Rumpus: I had gone to San Francisco when I was 20, one summer when I was in college, and always knew I would go back there. For fiction writing, and for Max Tivoli, setting the book in 19th century San Francisco made it work in a way that’s hard to explain. It was very easy to find characters that I wanted to use, easy to find settings and costumes, it just made it easier. The Story of a Marriage is also in San Francisco. I tried to put it in Kentucky because it’s based on a story about my grandmother in Kentucky. But I couldn’t do it there.
Rumpus: And in The Path of Minor Planets, not a lot of it is set in Northern California, but some of it is and it always kind of comes back there.
Greer: You read that?! Nobody read that book. Yeah, I guess he does have an apartment in San Francisco…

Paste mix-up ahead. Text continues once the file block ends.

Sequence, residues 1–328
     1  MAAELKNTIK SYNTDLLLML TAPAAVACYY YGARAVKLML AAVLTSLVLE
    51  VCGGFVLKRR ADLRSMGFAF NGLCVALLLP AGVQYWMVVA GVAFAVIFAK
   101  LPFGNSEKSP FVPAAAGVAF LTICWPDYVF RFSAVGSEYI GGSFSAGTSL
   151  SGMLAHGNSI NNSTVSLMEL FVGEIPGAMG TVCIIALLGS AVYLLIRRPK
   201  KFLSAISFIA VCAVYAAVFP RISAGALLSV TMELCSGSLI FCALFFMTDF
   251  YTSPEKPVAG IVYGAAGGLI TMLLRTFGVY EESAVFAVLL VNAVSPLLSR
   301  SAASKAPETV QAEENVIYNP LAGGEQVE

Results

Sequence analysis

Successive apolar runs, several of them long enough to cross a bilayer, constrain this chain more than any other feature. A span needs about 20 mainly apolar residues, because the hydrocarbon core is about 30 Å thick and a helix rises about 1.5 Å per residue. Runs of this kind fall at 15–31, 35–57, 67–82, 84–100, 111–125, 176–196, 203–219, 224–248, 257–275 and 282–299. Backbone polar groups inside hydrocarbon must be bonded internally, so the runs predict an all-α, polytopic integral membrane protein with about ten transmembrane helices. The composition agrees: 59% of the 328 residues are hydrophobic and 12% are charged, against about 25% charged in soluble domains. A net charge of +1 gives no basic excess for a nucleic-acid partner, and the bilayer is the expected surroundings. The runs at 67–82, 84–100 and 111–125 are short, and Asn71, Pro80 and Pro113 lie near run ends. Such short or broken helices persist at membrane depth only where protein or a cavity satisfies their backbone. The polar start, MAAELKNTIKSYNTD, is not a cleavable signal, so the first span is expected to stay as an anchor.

Rumpus: Yeah, right at the end and that’s one of the best parts of the whole book, when his character finally finds himself happy in San Francisco.
Greer: Well, for that one I had just moved to San Francisco. It’s just such a malleable landscape. People go there to reinvent themselves and, God, what is a novel about except that? If you are choosing Massachusetts you are choosing people in a strict society that won’t let them move. But San Francisco has this Western landscape of solitude and beauty, and also the intense urban experience too.
Rumpus: In The Story of a Marriage, how did you make the decision to write in the voice of an African American woman, and how did you approach this challenge?
Greer: Oh my god. I mean, I’ve heard other novelists say this, which makes me feel like I’m not crazy, that the problem with every novel is finding the key to it, finding the way in. I spend the first year just turning it over and over and writing pages and pages, and throwing them away, just to find my way into the book.